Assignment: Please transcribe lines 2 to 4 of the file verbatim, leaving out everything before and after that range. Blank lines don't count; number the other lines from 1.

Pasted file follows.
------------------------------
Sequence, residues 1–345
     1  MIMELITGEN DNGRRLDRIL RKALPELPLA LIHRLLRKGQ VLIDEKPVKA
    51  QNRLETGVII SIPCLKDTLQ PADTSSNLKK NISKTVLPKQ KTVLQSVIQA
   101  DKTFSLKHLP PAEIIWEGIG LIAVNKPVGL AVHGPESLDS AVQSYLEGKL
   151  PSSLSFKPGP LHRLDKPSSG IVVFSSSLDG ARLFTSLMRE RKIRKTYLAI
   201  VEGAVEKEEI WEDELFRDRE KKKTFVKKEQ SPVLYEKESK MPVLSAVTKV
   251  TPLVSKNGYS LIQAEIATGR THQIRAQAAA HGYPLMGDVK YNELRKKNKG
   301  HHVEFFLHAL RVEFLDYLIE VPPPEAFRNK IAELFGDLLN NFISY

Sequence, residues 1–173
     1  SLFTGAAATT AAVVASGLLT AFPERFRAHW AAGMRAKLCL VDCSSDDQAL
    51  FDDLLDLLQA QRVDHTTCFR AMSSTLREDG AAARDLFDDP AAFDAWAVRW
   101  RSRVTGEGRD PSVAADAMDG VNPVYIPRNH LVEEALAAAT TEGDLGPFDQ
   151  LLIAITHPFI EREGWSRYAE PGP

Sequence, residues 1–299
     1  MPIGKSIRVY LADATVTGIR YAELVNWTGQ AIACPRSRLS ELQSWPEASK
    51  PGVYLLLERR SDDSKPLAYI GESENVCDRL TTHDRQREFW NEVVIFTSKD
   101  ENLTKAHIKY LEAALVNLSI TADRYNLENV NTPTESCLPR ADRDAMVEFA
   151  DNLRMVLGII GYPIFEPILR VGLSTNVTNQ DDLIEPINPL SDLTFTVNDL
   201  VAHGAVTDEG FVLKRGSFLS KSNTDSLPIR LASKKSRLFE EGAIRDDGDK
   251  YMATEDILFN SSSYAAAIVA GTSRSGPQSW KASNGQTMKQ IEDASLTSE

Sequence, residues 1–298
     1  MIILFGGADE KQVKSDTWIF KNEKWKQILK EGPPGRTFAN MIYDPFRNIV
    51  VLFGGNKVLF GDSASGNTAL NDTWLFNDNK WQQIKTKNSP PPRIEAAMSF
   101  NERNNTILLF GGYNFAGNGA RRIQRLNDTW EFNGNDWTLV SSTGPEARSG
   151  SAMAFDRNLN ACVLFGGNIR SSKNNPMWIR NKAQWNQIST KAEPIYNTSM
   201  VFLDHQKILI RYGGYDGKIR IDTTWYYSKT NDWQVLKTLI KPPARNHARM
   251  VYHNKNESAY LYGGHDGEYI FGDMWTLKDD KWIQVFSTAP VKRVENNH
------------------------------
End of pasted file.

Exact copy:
     1  MIMELITGEN DNGRRLDRIL RKALPELPLA LIHRLLRKGQ VLIDEKPVKA
    51  QNRLETGVII SIPCLKDTLQ PADTSSNLKK NISKTVLPKQ KTVLQSVIQA
   101  DKTFSLKHLP PAEIIWEGIG LIAVNKPVGL AVHGPESLDS AVQSYLEGKL